The Starlight Technology that is found in some of our latest IP security cameras can record in color at night but requires adequate ambient lighting to do so. There is no such thing as color recording at night without ambient lighting.

Last but not least, there are cameras with white-light spotlights. Depending on the model of the camera, the light may stay on all night or only turn on when it senses motion.

4. Smart Motion Detection

The most important thing is that our professional PoE camera systems have a feature called "Smart Motion Detection" that uses AI to detect motion. PoE cameras and systems with smart detection improve the accuracy of motion detection by weeding out false positives and sending better alerts directly to a smartphone via push notifications. They also make it easier to find events in recorded video directly from your smartphone. Other features include audio detection, auto-tracking PTZs, and active deterrence.

If you’re looking for more information about choosing new security cameras, be sure to read our Security Camera Buying Guide.

Replacing the Recorder in a Security System

Upgrading the recorder in your security camera system is like upgrading to a brand new computer. A new recorder will let you upgrade to newer, more powerful security cameras and give you the most up-to-date features. If you have existing cameras that you would like to keep, be sure to contact us with the make and model of your cameras to find out what recorder you should purchase.

We recommend that customers replace their recorders first because, other than the cable, the DVR or NVR is what determines what cameras you can upgrade to.

Supported Resolutions

It’s important to pay attention to the spec sheet of a DVR or NVR to understand the maximum resolution that they can handle. If you attempt to connect an 8MP camera to a DVR that accepts a maximum resolution of 4MP or 5MP, then the DVR will show an error with no video, or the video will be glitchy.

As of today, all the NVR recorders we offer support 4K resolution. It is worth noting that there are 12MP cameras that are also 4K, while most NVRs support a maximum resolution of 8MP. 12MP cameras are the best of the best, and if you are considering purchasing one or more, make sure you purchase one of our NVRs that can handle them.

Compatibility Concerns

The second and equally important concern is compatibility. With coax cameras and DVRs, there are signal concerns. With IP cameras and NVRs, there are concerns with software compatibility.

Coaxial cameras transmit video data using different signal types. The four most common signal types for coax security cameras are HDCVI, HDTVI, AHD, and CVBS. CVBS is an old, non-HD analog signal used in traditional CCTV. If you try to use a camera that is the wrong signal type, then you can expect the DVR to show an error code, no video, or the video may look like our examples at the top of this article.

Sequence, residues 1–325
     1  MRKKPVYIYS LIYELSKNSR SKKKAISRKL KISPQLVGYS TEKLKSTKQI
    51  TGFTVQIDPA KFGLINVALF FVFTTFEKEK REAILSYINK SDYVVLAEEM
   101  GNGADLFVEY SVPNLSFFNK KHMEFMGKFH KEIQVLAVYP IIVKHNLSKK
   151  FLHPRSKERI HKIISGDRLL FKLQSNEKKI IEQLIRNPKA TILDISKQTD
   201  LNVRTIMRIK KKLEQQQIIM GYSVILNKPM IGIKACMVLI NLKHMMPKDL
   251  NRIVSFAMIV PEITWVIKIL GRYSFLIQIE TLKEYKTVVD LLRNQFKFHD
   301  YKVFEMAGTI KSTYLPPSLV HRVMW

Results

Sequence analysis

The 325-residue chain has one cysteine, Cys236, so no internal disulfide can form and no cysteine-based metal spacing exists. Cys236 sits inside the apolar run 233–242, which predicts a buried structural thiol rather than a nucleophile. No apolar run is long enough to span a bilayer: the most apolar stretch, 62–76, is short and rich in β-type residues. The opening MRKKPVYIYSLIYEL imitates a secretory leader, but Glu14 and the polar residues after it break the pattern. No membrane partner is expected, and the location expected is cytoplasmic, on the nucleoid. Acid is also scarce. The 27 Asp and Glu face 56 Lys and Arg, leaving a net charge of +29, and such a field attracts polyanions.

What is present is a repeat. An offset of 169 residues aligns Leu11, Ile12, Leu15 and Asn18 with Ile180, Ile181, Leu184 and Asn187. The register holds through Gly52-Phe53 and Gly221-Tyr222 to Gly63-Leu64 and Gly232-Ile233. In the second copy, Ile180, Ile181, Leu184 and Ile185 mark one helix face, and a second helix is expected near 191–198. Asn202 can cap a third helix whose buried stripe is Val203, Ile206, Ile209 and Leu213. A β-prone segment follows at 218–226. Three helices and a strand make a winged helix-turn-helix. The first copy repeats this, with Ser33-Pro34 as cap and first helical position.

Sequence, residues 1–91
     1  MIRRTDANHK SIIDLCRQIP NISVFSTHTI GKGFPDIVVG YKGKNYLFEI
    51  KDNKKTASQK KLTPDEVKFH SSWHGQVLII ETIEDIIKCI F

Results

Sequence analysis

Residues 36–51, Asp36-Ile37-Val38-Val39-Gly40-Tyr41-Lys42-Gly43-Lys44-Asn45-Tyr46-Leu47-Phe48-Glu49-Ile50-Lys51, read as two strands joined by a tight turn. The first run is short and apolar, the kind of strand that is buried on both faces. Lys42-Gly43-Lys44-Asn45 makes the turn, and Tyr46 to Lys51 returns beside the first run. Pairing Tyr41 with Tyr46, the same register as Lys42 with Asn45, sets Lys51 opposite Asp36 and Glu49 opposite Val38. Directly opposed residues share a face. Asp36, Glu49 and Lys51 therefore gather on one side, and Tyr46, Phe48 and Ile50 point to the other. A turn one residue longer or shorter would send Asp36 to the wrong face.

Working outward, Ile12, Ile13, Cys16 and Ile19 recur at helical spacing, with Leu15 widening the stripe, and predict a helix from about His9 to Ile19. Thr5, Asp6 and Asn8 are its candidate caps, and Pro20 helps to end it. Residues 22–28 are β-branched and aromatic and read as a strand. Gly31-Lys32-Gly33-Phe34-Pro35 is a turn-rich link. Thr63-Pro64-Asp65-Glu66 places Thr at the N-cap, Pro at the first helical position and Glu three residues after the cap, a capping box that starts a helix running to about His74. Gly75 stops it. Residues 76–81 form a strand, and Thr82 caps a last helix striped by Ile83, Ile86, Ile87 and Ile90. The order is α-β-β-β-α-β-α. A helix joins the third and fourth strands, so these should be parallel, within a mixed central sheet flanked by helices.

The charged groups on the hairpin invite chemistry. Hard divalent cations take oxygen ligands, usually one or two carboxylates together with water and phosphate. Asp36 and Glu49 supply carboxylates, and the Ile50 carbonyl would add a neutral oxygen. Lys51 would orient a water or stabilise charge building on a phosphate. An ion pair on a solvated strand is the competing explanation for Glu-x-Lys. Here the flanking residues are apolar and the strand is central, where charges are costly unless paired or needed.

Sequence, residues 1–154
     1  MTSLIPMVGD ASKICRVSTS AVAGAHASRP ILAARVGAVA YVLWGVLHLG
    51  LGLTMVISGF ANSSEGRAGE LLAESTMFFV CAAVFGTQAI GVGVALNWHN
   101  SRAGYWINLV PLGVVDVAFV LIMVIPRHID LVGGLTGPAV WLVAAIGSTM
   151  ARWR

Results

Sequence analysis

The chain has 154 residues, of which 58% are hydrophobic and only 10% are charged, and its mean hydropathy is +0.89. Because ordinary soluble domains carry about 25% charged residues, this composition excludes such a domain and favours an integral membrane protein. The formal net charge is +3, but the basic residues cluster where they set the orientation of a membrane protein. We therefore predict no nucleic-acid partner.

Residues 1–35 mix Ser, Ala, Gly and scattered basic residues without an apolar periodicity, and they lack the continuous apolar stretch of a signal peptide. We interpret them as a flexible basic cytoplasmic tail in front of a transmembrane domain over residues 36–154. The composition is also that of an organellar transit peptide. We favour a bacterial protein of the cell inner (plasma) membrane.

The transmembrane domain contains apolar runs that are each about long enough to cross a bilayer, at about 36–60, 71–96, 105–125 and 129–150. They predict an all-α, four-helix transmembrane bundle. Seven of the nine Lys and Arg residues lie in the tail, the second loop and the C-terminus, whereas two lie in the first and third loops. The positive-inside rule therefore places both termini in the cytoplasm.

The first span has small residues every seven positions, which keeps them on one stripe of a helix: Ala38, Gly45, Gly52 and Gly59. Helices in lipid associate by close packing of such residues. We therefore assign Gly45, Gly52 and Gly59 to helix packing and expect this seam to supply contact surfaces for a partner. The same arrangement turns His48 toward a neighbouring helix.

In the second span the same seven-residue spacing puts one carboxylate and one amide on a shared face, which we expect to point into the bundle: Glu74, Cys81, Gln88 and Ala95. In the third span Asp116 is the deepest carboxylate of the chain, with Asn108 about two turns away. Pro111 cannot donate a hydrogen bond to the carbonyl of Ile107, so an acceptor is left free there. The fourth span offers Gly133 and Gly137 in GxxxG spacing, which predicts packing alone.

Purchasing a CCTV Camera World DVR or NVR

Regardless of whether you’re replacing an outdated DVR or you need a new NVR for your IP cameras, we have a professional security camera recorder for you. Our systems are better than those of our competitors because they come with Free Smartphone Apps and PC software for remote viewing that are easy to use. Using our video tutorials and written guides, you’ll be a pro at customizing your security camera system. Get alerted to events happening around your home or business with push notifications and email alerts sent directly to your phone.

Running Into Issues With New Cameras?

Even though it's usually easy to switch out recorders and cameras, not everyone will have a good time doing it. As with any technology, it’s not always as cut and dry as people make it out to be. Fortunately, we have the expertise to help you out and get you back up and running. If you purchase from our website, you’ll get free support via email for the life of the product, and we offer a paid phone support service with our US-based knowledgeable technicians. We have the following tips and tricks for each type of system to get you started with troubleshooting:

Analog Coaxial Cable System

  1. Check the health of your power supply box to make sure it is providing the correct voltage and sufficient amperage to power the new cameras you purchased.
  2. Check the health of your existing cables and replace any bad ones.
  3. Bench test any of the cameras that you think are not working with a short, known-good cable and test it with a dedicated power supply.

Power over Ethernet or IP Camera System

  1. You may need to manually enter in the password for your old cameras if you connect them to a new NVR. We have a guide for Adding QSee Cameras to an Avalonix NVR for more information. The process outlined in the guide is similar for other camera brands.
  2. If you’re connecting cameras over a separate PoE switch make sure that they are configured properly with compatible and unique IP addresses for your local network. Check out our guide on Setting Up An IP Camera System on the Network to learn more.
  3. Double check that the cameras you purchased are tested to be compatible with one another. Using cameras that have not been tested for compatibility will lead to unexpected results.

Matt Rossi is a Technical Support Manager at CCTV Camera World, a leading CCTV Camera distributor located in Buffalo, NY. He is a technical support expert for everything video surveillance related.

Connect with Matt via: Email  |  YouTube